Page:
The CBOE Volatility Index, commonly referred to as the VIX or "fear index," surged to its highest level since late 2012 on Monday as stocks continued to slide. The index, which trades inversely to the S&P 500, is a common indicator of nervousness in the market.
So, can we expect even more volatility to come? And what will it mean for stocks?
"Volatility is still well within normal levels," said Erin Gibbs of S&P Capital IQ, who pointed out that volatility is still below the five-year VIX average of 20.2.
"Our memories are short. We've had nine months of extreme and unusually low volatility," said Gibbs. "[Investors] are going to have to get used to having some [wild swings] in the markets," she added. "I'd expect the VIX to drop back to the mid-teens in the next couple of weeks."
Gibbs also mentioned that the apprehension in the markets is typical heading into earnings season. "We still believe the outlook for U.S. companies looks very good."
(Watch: Pisani: Watch VIX for stability)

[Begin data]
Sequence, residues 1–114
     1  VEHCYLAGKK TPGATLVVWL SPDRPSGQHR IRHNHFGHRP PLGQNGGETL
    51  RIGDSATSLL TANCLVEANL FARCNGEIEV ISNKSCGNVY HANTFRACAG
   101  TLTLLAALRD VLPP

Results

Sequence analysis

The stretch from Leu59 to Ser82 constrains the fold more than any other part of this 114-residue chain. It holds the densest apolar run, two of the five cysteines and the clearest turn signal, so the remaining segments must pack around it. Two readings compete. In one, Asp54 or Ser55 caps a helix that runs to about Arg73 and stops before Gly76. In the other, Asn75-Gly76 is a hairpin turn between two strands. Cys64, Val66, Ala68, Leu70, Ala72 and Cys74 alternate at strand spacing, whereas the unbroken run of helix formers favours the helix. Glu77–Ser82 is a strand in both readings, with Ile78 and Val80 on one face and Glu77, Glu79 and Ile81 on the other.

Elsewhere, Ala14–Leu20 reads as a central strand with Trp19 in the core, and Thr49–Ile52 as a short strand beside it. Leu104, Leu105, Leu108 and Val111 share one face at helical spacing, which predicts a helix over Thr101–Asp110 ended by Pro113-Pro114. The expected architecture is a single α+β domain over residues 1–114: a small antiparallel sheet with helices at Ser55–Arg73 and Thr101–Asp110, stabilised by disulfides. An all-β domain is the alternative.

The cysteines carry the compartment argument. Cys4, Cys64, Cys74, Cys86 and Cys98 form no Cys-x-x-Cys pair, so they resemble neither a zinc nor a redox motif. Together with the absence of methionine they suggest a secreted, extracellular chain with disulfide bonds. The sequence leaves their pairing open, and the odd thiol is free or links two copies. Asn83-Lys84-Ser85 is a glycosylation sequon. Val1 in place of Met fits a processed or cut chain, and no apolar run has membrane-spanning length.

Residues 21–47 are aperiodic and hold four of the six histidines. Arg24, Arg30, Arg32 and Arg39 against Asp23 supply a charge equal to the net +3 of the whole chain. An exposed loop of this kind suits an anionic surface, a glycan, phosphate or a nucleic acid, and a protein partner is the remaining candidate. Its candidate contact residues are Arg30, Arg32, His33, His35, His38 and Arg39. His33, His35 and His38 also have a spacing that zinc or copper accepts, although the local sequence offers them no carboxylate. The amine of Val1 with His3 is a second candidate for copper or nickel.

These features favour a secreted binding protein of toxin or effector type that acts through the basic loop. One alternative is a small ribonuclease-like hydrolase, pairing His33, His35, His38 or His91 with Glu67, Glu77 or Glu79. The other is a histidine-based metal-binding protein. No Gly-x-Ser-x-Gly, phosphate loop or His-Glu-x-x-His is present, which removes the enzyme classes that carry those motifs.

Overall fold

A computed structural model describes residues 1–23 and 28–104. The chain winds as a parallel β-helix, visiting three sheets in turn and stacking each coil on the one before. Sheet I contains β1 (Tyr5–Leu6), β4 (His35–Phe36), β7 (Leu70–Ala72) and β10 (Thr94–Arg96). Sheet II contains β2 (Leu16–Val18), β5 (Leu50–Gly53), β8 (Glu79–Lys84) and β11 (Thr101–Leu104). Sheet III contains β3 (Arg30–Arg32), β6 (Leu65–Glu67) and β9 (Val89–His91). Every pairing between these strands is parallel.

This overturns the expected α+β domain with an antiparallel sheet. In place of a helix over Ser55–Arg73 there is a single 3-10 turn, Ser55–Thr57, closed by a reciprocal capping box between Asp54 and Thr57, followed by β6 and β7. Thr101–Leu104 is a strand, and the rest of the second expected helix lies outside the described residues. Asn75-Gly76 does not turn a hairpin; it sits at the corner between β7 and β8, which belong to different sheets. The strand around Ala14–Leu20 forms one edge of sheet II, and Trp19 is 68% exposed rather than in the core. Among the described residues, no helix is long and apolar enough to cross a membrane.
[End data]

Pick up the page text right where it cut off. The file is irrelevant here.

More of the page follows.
Todd Gordon of Tradinganalysis.com said both the VIX and S&P 500 are at critical levels. "We are testing resistance in the VIX, and we are testing support in the S&P 500," said Gordon. "If either were to break about 1,900 on the S&P 500 and 18 on the VIX, that would open up the flood gates."
According to Gordon, if the support and resistance levels are broken, the S&P 500 could head down to about 1,820 and the VIX could surge past 20.
"There's been a lot of open interest in the 20 VIX calls for next month. Traders are betting it's going to happen."
Check out the video above for the full discussion with Gordon and Gibbs.
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